One of the questions you must face when starting out on any form of espionage is – who are you going to spy on? Or more exactly, who can you spy on, given constraints of time, money, admin, etc?
It’s no good me saying I’m going to gather secret intelligence on renegade elements of the Taliban, only to discover that I don’t have the cash for the airfare to Kabul, let alone enough time to be back for my dad’s 60th birthday party at the Maidstone branch of Pizza Express. So I’ve decided I’m going to spy on Londoners. There’s plenty of them about, and if you’ve got the determination and the know-how you can quite easily gather intelligence on them in your lunch hour, or by taking a morning off work for ‘emergency dental work’.
My first spy mission begins, like all good ones, at the Elizabeth Duke counter of Argos. But they don’t sell the batteries for the spy-camera-pen gadget I bought specially from Maplin.co.uk, so they direct me to the jewellers across the road. They do have the batteries, but they can’t make the pen work. This is probably a good thing because, according to the instruction booklet, the ultra secret, highly discreet pen-camera talks out loud every time you use it. If it had batteries it would shout helpful undercover things like “Device Activated” and “Secret Picture Number 6” and “Over here, over here, look at me I’m taking your picture with this pen, oops, sorry no, forget what I said, I was talking about something else, la de da”.
Since it’s my first spy mission since making a false beard from the Usborne Book of Spycraft when I was eight and following my brother upstairs, I have decided to do something easy – I’m simply going to follow a man around for a bit. I spot a target: a middle-aged man walking across Shepherd’s Bush Green. Is he a high-ranking intelligence officer in the South African secret police? Is he a KGB sleeper about to make contact with his handler? Or is he, as I suspect, a greengrocer on his way home?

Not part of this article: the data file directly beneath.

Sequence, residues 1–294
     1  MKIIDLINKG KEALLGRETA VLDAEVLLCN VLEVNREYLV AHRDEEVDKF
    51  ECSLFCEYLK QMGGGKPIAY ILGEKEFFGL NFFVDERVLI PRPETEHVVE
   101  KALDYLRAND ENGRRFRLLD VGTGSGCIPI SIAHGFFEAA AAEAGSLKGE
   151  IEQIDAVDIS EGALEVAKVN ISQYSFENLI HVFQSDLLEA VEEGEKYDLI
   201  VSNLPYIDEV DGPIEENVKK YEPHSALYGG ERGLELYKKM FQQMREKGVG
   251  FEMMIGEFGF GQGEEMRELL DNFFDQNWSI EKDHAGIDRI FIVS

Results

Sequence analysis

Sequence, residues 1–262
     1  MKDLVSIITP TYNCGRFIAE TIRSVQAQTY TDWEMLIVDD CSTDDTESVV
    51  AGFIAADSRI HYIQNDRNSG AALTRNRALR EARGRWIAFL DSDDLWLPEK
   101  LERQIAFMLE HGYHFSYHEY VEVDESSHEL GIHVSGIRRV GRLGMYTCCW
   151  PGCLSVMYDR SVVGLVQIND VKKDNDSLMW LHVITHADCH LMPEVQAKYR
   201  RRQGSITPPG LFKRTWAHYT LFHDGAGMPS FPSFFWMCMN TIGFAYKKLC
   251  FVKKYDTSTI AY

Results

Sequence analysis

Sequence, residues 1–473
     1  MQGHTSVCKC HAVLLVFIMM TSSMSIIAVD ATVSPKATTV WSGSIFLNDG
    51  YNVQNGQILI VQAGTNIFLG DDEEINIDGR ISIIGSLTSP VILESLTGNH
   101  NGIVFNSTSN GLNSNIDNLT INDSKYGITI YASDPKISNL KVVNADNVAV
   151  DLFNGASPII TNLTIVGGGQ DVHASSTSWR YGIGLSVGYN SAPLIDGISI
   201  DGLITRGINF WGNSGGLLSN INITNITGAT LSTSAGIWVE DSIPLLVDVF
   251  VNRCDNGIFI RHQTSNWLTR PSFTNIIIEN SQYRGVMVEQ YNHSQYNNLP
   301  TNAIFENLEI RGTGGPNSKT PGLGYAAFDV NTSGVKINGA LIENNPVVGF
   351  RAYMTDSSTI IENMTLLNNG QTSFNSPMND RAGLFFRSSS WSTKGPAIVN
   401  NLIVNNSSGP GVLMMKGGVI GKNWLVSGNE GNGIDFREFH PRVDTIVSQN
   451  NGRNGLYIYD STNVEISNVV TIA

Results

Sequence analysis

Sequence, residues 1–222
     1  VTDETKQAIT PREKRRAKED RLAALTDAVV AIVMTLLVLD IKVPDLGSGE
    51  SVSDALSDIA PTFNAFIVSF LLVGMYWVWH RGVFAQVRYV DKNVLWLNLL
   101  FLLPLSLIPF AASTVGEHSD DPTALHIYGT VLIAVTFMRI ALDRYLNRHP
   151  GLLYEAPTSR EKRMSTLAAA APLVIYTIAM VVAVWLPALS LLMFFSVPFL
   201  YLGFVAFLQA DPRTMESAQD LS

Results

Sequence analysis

I follow him across Shepherd’s Bush Green and back past Argos. Important questions swim in my head. Should I nip into the Romanian Orphans charity shop and get a spare hat and jumper in case he ‘makes’ me? Why haven’t I got any batteries for my normal camera? Why don’t they tell you how many pockets spies need? And, if he is a greengrocer, isn’t 6.30 in the evening quite late for him to be going home? And where was home? Was it somewhere in the direction he was heading, like Kensington? Or, was it Moscow?
It was neither. After a brisk stroll past the rows of To Let signs on Sinclair Road, he turns into Olympia station. The thin platform is crowded with commuters so I stand directly behind him… and after the tensest wait for a train ever, three carriages roll in. As people squeeze toward the doors I find myself right next to him. I let him go first, already I feel we know each other now, like colleagues at the same firm who have seen each other in the corridor for twenty years but never say hello.
He squeezes into the middle of three seats, facing away from me, while I stand in the aisle. He takes out a book, but I can’t see what it is. It’s a hardback – is he ploughing through the latest Amis, or feasting himself on Simon Sebag Montefiore’s blistering dissection of Stalin’s dictatorship of the USSR, The Court of the Red Tsar? As he turns a page, I get a snatch of the cover: Wenger.
After ten minutes, just as we were both getting involved in Arsene’s early career in midfield, the train slows to a halt just outside Clapham Junction.
What sort of train person was he? One of those lunatics who have such a poor grasp of time that they jump up five minutes before the train stops and end up hanging around in the corridor like cattle in an abattoir? No, he calmly sits there until the train empties, then hops out. He walks past me on the platform without looking. In the subway under the station it occurs to me he could be heading for somewhere miles away, to Portsmouth, or Southampton, Balham even. I cannot emphasise enough the value of a Travelcard when spying.
He walks out the station and up to a bus stop. With no buses in sight I take my chance to run across the road and buy batteries for my camera, and take my first picture of him. A 159 comes down the hill. I run back across the road and jump on after him.
He sits at the back of the bottom of the bus, in the corner. I sit next to him, and as the bus trundles past the estate agents of Lavender Hill, I take the chance to take get a close up by pretending to be fiddling with the camera. He clocks my fiddling and takes a long stare at me. A few seconds later, he gets off and I follow him to a mansion block where he let himself in. Was this his home? Or a safe house? Or the low-lit den of a ‘mystery woman’? I will return. But with a false beard.